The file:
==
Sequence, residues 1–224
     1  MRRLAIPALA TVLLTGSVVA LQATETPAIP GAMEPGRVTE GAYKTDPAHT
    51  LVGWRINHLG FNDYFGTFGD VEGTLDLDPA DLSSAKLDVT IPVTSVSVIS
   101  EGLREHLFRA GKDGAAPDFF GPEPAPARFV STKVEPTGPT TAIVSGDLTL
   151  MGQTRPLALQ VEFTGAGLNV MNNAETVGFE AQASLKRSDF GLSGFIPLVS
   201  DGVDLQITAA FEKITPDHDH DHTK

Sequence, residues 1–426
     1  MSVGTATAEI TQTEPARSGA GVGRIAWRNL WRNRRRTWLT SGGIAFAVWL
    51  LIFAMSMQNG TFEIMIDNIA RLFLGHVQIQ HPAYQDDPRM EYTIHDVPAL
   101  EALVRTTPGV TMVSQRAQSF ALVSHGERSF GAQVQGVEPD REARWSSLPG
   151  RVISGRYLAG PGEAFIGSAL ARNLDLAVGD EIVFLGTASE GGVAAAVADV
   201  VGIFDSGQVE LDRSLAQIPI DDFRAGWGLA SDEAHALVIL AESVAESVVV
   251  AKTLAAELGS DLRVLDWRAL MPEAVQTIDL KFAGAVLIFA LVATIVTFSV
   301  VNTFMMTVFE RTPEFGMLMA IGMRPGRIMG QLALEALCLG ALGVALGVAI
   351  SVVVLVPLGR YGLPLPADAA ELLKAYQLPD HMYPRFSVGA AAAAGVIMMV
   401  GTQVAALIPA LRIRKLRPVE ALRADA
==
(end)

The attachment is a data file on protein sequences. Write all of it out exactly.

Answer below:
Sequence, residues 1–224
     1  MRRLAIPALA TVLLTGSVVA LQATETPAIP GAMEPGRVTE GAYKTDPAHT
    51  LVGWRINHLG FNDYFGTFGD VEGTLDLDPA DLSSAKLDVT IPVTSVSVIS
   101  EGLREHLFRA GKDGAAPDFF GPEPAPARFV STKVEPTGPT TAIVSGDLTL
   151  MGQTRPLALQ VEFTGAGLNV MNNAETVGFE AQASLKRSDF GLSGFIPLVS
   201  DGVDLQITAA FEKITPDHDH DHTK

Sequence, residues 1–426
     1  MSVGTATAEI TQTEPARSGA GVGRIAWRNL WRNRRRTWLT SGGIAFAVWL
    51  LIFAMSMQNG TFEIMIDNIA RLFLGHVQIQ HPAYQDDPRM EYTIHDVPAL
   101  EALVRTTPGV TMVSQRAQSF ALVSHGERSF GAQVQGVEPD REARWSSLPG
   151  RVISGRYLAG PGEAFIGSAL ARNLDLAVGD EIVFLGTASE GGVAAAVADV
   201  VGIFDSGQVE LDRSLAQIPI DDFRAGWGLA SDEAHALVIL AESVAESVVV
   251  AKTLAAELGS DLRVLDWRAL MPEAVQTIDL KFAGAVLIFA LVATIVTFSV
   301  VNTFMMTVFE RTPEFGMLMA IGMRPGRIMG QLALEALCLG ALGVALGVAI
   351  SVVVLVPLGR YGLPLPADAA ELLKAYQLPD HMYPRFSVGA AAAAGVIMMV
   401  GTQVAALIPA LRIRKLRPVE ALRADA